Y chromosomes from representative sample of Eastern Ukrainians (94 individuals) were analyzed for composition and frequencies of haplogroups, defined by 11 biallelic loci located in non-recombining part of the chromosome (SRY1532, YAP, 92R7, DYF155S2, 12f2, Tat, M9, M17, M25,M89, andM56). In the Ukrainian gene, pool six haplogroups were revealed: E, F (including G and I), J, N3, P, and R1a1. These haplogroups were earlier detected in a study of Y-chromosome diversity on the territory of Europe as a whole. The major haplogroup in the Ukrainian gene pool, haplogroup R1a1 (earlier designated HG3), accounted for about 44% of all Y chromosomes in the sample examined. This haplogroup is thought to mark the migration patterns of the early Indo-Europeans and is associated with the distribution of the Kurgan archaeological culture. The second major haplogroup is haplogroup F (21.3%), which is a combination of the lineages differing by the time of appearance. Haplogroup P found with the frequency of 9.6%, represents the genetic contribution of the population originating from the ancient autochthonous population of Europe. Haplogroups J and E (11.7 and 4.2%, respectively) mark the migration patterns of the Middle-Eastern agriculturists during the Neolithic. The presence of the N3 lineage (9.6%) is likely explained by a contribution of the assimilated Finno–Ugric tribes. The data on the composition and frequencies of Y-chromosome haplogroups in the sample studied substantially supplement the existing picture of the male lineage distribution in the Eastern Slav population.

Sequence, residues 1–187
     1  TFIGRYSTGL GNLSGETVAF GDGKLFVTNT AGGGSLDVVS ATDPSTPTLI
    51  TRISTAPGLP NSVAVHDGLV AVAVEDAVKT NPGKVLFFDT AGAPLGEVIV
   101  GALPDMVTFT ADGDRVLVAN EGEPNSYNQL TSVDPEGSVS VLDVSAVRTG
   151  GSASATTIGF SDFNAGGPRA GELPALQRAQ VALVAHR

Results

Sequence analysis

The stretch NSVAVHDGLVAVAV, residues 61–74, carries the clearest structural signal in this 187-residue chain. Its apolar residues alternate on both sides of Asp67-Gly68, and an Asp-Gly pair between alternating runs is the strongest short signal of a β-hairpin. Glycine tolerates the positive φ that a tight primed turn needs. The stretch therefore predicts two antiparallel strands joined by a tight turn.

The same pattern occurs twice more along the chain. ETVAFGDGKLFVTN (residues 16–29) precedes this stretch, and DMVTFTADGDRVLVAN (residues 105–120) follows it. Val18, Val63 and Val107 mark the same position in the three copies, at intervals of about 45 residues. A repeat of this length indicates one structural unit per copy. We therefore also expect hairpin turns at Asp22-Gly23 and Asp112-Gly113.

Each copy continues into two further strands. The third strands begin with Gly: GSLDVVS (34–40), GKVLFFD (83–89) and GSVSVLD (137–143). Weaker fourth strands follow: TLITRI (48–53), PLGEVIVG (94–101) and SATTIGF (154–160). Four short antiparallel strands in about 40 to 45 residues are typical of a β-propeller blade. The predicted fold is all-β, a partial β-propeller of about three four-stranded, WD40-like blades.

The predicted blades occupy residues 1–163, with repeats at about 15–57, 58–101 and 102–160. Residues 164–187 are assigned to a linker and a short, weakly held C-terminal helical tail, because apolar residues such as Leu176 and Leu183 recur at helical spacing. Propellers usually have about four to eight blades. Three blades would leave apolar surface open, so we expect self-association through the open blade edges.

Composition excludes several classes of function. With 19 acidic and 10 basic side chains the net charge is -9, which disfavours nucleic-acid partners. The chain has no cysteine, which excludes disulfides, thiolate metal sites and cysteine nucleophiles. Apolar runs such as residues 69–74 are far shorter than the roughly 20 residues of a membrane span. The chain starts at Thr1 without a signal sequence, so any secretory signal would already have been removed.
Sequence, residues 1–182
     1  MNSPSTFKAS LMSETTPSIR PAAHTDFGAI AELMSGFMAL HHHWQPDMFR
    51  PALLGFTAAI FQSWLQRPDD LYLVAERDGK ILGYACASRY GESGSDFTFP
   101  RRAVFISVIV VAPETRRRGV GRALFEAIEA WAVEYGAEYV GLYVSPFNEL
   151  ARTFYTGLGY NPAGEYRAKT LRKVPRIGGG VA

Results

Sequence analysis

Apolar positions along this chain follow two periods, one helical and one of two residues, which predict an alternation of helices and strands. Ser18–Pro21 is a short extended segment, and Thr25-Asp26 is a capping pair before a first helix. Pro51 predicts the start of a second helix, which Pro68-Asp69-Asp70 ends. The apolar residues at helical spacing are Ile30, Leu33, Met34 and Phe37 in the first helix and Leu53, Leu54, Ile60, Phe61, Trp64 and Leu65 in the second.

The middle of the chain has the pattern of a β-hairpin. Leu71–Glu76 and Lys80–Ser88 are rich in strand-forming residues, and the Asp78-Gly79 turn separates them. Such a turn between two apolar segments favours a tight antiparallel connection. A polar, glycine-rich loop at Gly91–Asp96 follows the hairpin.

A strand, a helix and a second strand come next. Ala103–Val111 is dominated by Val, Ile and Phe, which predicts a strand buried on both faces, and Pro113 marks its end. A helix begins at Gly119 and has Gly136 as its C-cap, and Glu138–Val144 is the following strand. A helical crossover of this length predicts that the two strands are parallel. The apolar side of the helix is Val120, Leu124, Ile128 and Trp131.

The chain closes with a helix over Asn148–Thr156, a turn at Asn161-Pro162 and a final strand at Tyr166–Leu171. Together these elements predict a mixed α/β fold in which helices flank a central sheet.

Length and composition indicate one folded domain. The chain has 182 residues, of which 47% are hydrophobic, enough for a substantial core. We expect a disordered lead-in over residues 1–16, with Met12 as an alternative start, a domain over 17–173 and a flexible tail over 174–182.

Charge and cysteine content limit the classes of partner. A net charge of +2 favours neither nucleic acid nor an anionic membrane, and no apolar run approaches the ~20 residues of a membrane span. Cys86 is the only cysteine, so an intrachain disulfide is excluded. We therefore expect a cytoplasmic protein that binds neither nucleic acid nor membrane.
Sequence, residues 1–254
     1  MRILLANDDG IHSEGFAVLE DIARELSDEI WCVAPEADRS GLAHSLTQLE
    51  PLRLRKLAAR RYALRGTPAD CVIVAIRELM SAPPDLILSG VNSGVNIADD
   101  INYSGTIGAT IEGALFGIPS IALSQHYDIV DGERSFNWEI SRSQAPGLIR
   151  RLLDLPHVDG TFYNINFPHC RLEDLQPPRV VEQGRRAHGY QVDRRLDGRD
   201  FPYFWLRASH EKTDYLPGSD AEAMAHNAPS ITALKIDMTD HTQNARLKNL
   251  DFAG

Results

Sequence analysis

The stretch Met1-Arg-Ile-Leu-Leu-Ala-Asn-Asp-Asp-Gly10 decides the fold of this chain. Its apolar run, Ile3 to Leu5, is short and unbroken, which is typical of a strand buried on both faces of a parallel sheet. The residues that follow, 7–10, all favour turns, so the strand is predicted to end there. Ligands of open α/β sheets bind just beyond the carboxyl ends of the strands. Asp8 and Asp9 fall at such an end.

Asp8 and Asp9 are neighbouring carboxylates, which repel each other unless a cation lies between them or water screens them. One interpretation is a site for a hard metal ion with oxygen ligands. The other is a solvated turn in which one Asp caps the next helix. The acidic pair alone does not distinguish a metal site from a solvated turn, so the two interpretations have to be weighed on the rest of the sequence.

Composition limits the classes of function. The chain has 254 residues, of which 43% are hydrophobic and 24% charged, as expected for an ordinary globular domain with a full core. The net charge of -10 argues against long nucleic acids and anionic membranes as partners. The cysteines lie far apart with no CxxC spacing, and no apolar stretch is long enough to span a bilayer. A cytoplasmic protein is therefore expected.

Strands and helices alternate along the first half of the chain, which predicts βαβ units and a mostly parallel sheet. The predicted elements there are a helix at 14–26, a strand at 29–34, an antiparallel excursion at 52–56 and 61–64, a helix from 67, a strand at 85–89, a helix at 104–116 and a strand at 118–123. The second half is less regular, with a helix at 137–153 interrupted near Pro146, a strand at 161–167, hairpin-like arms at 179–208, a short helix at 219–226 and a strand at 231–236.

Russian Journal of Genetics – Springer Journals
Published: Oct 18, 2004
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